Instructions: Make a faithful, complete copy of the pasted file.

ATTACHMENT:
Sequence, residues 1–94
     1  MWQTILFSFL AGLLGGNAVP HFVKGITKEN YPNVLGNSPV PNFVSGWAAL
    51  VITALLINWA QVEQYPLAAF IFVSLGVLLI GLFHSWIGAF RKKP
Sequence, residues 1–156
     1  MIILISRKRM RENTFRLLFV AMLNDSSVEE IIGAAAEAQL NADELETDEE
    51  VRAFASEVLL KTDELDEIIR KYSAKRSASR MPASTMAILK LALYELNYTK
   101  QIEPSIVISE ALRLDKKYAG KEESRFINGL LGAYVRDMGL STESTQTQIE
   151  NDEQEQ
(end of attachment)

Sequence, residues 1–94
     1  MWQTILFSFL AGLLGGNAVP HFVKGITKEN YPNVLGNSPV PNFVSGWAAL
    51  VITALLINWA QVEQYPLAAF IFVSLGVLLI GLFHSWIGAF RKKP
Sequence, residues 1–156
     1  MIILISRKRM RENTFRLLFV AMLNDSSVEE IIGAAAEAQL NADELETDEE
    51  VRAFASEVLL KTDELDEIIR KYSAKRSASR MPASTMAILK LALYELNYTK
   101  QIEPSIVISE ALRLDKKYAG KEESRFINGL LGAYVRDMGL STESTQTQIE
   151  NDEQEQ